Will FPL Run Power Lines Through the Everglades?
Moni3 via Wikimedia Commons

Will FPL Run Power Lines Through the Everglades?

Florida Power & Light could soon be allowed to run power lines through Everglades National Park. They would deliver power from Turkey Point nuclear power plant to points north. The National Park Service is accepting public input on the matter until March 18.

Here's the backstory, as explained by Matt Schwartz, director of the South Florida Wildlands Association: A long time ago, FPL bought up tracts of private land that ran north and south, expecting that one day it might need to add more power lines. Twenty-five years ago, with the Everglades National Park Protection and Expansion Act of 1989, park boundaries were expanded. Suddenly, FPL's land was now inside the park.

Congress authorized the National Park Service to buy the land from FPL. In 1996, the Park Service moved to buy it for $110,000. The Park Service warned that if FPL didn't agree, the agency would move to seize the land through eminent domain.

For whatever reason, the Park Service never followed through on its threat, leaving us in a conundrum today.

In 2009, a federal omnibus public lands bill authorized another plan: The Park Service could, rather than buy or seize FPL's land, trade it for a north-south tract on the eastern side of the Everglades — still inside park boundaries.

Problem is, now FPL has the leverage.

One way or another, the Park Service needs to get FPL out of the way, Schwartz explains. "You know the new bridge they just built at Tamiami Trail? This corridor is directly below the new bridge. We don't have flowage — water is not flowing under it — and one of the reasons is that FPL's old utility corridor is underneath it." So the park needs that land for Everglades restoration.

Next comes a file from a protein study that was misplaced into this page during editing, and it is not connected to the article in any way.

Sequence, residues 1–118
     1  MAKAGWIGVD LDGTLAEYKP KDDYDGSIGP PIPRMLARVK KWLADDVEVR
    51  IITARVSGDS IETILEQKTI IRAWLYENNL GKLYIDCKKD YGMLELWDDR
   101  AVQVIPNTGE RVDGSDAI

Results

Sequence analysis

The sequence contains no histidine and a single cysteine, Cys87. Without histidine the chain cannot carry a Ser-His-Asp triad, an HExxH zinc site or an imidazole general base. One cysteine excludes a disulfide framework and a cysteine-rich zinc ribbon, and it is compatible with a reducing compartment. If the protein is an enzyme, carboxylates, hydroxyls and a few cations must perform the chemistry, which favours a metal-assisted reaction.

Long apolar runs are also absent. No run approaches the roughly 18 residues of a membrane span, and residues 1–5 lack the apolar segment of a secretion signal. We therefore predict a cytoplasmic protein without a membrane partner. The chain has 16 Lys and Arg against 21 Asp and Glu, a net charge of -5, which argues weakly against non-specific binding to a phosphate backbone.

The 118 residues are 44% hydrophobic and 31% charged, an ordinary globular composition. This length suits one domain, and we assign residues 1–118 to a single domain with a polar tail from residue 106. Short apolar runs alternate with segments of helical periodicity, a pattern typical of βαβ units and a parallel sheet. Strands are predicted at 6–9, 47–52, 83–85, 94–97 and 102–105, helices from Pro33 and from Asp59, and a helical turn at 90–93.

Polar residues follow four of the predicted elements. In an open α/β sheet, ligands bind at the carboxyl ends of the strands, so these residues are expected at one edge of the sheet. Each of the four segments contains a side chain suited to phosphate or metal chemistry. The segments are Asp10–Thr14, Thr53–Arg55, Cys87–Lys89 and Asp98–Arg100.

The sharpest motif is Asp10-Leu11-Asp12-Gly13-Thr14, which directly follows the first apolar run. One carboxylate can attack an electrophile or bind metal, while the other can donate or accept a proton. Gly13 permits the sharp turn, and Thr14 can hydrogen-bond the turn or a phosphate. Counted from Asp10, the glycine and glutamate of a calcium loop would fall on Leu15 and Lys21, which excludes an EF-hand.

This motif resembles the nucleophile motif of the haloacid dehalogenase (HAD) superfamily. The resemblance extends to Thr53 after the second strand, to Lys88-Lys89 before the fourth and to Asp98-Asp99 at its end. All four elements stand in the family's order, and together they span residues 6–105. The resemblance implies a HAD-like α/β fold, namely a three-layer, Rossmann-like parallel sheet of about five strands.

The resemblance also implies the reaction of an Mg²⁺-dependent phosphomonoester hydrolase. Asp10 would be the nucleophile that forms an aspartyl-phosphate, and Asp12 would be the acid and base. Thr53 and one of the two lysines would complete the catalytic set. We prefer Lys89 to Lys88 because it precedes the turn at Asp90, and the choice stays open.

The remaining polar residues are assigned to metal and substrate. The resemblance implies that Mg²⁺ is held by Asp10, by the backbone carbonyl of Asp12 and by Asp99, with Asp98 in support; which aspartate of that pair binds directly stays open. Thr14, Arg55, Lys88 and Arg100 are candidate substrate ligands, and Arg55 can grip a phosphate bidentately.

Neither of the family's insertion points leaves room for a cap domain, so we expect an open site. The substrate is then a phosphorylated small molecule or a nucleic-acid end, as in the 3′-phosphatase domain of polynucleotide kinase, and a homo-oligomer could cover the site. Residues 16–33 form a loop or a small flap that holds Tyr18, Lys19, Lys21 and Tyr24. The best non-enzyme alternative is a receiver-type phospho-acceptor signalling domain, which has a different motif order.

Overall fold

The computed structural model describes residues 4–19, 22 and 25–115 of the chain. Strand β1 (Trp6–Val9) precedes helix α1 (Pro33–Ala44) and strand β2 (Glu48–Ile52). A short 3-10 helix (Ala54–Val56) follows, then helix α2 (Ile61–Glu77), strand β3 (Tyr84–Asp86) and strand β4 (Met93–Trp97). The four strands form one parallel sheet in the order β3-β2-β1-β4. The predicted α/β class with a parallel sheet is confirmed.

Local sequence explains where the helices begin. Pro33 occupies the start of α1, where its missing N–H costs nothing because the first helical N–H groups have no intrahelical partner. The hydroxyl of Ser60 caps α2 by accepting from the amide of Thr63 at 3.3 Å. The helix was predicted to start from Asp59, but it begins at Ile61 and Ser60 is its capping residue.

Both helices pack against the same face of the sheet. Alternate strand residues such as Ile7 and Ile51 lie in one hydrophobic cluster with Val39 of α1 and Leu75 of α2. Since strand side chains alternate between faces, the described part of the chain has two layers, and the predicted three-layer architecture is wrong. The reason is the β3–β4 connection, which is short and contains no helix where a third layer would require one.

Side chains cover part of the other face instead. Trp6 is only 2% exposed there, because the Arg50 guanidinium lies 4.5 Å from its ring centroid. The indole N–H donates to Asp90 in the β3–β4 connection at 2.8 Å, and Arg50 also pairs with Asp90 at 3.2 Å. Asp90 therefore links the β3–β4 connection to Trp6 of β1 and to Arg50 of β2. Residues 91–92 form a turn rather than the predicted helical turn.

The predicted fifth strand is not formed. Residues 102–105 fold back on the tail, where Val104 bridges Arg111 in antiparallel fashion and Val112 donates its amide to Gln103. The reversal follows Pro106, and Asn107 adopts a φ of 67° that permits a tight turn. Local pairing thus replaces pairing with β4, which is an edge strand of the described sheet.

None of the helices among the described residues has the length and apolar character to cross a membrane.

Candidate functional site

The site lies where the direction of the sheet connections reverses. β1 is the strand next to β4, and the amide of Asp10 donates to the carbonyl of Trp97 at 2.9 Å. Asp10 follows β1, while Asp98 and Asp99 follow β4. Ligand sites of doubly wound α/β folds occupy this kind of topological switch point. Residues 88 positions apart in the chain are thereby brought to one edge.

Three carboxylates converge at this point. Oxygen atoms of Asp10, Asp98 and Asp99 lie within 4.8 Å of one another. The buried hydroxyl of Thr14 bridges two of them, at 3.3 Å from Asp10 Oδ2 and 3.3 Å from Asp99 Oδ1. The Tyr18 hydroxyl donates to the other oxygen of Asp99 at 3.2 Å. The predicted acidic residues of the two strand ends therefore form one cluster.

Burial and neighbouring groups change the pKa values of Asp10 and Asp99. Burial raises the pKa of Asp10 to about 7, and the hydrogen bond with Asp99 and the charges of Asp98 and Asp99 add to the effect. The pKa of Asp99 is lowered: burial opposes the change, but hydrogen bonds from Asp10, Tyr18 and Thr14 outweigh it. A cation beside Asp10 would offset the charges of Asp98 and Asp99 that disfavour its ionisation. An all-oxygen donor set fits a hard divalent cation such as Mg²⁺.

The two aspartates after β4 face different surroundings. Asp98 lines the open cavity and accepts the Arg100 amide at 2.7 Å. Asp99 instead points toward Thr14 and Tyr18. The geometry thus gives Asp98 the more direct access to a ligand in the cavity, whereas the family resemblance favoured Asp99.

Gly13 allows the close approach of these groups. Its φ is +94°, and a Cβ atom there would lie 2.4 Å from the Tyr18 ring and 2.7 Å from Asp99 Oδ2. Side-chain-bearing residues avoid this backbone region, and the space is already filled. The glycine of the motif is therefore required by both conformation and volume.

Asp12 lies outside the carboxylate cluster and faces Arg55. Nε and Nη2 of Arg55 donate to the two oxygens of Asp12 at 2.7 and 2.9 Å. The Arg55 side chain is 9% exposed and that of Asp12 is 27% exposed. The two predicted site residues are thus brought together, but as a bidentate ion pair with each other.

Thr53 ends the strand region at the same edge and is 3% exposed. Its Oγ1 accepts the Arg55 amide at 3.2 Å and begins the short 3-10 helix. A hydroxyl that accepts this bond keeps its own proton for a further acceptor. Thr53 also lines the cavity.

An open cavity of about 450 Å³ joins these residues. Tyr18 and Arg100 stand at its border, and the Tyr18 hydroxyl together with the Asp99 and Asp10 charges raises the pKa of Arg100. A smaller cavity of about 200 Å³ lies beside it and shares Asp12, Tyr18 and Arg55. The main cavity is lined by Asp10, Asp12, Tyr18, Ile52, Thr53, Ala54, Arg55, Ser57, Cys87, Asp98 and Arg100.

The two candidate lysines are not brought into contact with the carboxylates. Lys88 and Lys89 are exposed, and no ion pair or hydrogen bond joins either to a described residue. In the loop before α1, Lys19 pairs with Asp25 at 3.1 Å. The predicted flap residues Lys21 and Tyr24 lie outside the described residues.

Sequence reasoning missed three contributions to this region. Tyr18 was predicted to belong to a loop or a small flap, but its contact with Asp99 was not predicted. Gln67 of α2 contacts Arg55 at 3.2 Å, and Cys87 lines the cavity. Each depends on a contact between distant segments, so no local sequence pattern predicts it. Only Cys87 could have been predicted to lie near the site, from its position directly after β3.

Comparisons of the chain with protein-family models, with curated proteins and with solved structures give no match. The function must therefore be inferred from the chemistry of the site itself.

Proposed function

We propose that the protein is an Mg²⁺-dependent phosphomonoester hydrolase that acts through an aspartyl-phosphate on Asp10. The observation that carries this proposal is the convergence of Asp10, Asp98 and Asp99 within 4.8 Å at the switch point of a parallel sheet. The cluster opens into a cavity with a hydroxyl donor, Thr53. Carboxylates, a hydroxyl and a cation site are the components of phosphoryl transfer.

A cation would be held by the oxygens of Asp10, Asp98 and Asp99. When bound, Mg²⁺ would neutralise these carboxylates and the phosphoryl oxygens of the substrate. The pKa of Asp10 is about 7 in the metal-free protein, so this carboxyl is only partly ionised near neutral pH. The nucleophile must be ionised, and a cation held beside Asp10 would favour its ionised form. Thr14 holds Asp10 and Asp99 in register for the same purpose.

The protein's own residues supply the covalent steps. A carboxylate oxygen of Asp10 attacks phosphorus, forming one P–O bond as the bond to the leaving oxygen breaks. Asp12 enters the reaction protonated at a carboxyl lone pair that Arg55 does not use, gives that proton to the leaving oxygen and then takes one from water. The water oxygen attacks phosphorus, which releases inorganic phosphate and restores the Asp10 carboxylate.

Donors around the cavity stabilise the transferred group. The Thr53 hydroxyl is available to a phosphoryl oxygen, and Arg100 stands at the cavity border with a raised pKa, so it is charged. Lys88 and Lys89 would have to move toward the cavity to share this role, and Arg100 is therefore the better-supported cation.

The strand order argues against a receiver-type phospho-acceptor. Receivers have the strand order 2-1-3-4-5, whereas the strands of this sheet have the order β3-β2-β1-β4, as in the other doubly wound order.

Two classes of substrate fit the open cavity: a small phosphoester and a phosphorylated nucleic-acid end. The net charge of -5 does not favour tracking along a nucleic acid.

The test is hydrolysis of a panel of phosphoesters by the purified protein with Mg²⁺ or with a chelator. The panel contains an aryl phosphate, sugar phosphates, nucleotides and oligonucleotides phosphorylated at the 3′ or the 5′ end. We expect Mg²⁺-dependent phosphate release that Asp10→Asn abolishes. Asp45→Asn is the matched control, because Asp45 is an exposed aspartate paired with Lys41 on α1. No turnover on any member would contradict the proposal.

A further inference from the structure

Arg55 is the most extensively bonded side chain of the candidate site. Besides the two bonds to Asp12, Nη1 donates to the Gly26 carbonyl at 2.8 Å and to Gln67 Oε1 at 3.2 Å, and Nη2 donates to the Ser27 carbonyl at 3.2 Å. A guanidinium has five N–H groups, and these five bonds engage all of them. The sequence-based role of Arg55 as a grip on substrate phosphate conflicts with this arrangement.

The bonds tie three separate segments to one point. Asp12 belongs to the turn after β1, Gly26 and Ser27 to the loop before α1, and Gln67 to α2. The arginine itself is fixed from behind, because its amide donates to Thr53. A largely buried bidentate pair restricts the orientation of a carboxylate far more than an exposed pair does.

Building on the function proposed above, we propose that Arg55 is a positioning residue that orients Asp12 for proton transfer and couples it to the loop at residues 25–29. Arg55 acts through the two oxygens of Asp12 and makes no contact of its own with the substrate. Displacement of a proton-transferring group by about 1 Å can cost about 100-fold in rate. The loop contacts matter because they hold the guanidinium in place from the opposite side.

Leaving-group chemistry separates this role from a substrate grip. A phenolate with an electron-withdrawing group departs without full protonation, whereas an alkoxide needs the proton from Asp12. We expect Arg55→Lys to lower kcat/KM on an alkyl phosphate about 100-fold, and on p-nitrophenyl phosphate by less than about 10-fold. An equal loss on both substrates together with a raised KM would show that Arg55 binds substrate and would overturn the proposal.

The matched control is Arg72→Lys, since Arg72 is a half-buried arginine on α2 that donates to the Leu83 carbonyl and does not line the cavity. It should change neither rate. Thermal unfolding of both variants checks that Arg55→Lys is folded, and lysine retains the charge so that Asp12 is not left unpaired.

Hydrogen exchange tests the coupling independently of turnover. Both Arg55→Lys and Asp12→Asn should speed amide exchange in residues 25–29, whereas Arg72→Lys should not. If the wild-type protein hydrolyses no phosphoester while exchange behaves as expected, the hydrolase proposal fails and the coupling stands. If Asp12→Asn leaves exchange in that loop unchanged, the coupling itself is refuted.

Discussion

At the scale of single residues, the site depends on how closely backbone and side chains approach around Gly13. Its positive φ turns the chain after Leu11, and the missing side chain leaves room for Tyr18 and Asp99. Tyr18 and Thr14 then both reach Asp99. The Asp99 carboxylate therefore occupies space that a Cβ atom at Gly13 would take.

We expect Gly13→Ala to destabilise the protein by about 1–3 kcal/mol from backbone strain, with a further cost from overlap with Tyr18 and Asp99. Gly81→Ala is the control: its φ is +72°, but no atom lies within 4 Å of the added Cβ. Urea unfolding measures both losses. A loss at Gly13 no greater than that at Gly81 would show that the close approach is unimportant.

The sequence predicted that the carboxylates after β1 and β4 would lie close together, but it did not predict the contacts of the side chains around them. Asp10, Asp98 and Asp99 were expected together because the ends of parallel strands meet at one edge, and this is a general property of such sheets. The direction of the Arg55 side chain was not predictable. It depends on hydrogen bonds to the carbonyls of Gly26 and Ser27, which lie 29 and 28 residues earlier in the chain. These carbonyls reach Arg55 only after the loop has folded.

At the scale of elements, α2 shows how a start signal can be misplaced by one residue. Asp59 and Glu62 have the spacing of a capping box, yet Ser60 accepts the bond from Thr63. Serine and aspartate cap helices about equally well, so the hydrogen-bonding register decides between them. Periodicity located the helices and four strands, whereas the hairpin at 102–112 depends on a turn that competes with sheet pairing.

But instead of passively owning the land, FPL intends to erect utility poles, part of its plan to add two new nuclear reactors at Turkey Point. (That's a whole separate bad idea, Schwartz says. "Climate scientists say we're going under [water because of sea level rise], and they want to put two new nuclear reactors right next to the one that got hit full-force during Hurricane Andrew and lost communication and outside power?")

"It's a shame," Schwartz says. "In 1996, the price was $100,000. Now, FPL is going to jack it up." He says he's heard whispers that FPL will ask for $100 million.

Still, he says, buying out the power company is the best option. Then FPL will be forced to buy private land and put its corridor outside the park. Schwartz explains a draft environmental impact statement has been created. It specifically states buying out FPL and forcing the utility to go elsewhere is the "environmentally preferred alternative." He says FPL is "already working on alternative corridors."

He doubts FPL would try to erect utility poles in the corridor it owns now. "They could try, but it's highly unlikely to get permitted by the Army Corps."

However, he's afraid the Park Service will opt for the land swap because that way "they don't even have to come up with money" to buy out FPL.

Submit comments to parkplanning.nps.gov. The Park Service will make its decision in the coming months.


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